EARLY TRANSISTOR HISTORY AT MOTOROLA

“FLUB-A-DUB” by Ralph Greenburg   

 

Curator’s Introduction:  As solid state technology replaced vacuum tubes in many applications in the 1960s, Ralph describes an interesting and less than spectacular success for semiconductors.  (Note: The complete Ralph Greenburg Oral History can be found at the Transistor Museum™ homepage).        

 

 

FLUB-A-DUB

 

Prologue:

 

Possibly you read an article in the Business section of the Arizona Republic, which stated that Hector Ruiz  (Motorola) was sponsoring MIT to research Smart refrigerators and washing machines that would further enhance the role of semiconductors into Home Appliances.  Presently there are innumerable semiconductors spread around household appliances and automobiles but back in the mid ‘60s there were a few in automobiles and virtually none in appliances.  This story takes you back in time to that era.

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As many of you are aware the transistor was invented in late 1947 and held great promise as a viable component in electronic circuits.    I joined Motorola in May 1954 as a member of a small application engineering team devoted to learning about transistors and how to use them in various equipments.  Motorola had a small development effort and an assembly line making small signal Germanium transistors, the XN-1.  These early transistors lacked performance and cost too much, thus their “functional worth” couldn’t match that of tubes and sales of transistors were very weak.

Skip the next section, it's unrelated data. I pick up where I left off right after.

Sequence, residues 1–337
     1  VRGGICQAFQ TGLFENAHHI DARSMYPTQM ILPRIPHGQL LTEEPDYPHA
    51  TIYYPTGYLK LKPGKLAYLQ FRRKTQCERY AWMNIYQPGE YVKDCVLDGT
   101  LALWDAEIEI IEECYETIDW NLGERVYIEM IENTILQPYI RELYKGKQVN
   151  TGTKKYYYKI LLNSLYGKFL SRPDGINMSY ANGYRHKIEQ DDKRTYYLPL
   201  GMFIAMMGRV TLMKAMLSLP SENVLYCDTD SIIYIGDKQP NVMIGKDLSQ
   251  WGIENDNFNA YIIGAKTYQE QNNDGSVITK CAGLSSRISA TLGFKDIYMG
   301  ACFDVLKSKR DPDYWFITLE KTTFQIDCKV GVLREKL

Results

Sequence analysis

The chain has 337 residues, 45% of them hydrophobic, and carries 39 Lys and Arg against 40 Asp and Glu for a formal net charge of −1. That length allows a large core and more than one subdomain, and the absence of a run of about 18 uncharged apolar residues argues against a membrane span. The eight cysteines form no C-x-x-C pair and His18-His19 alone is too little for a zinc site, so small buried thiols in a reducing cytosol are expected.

But within the next two years the industry developed processes that improved frequency response and also came up with power transistors of which Motorola was a leader with a new package, which eventually became the industry standard TO-3 and a producible device that evolved into the ubiquitous 2N176.  Two events followed rather quickly.  The Automotive industry went from 6-volt batteries to 12 volts and suddenly AM transistor auto radios were practical, with Motorola at the leading edge.  This was the first erosion of vacuum tube sales in a mass market.  John Q. Public was unimpressed-- the radio still sat in the dash with two knobs and a slide-rule dial, it sounded the same as the vacuum tube versions. 

 

 

Go To Greenburg “Flub-a-Dub”, Page 2

 

A Transistor Museum™ History of Transistors Publication

COPYRIGHT © 2008 by Jack Ward.  All Rights Reserved.  http://www.transistormuseum.com/

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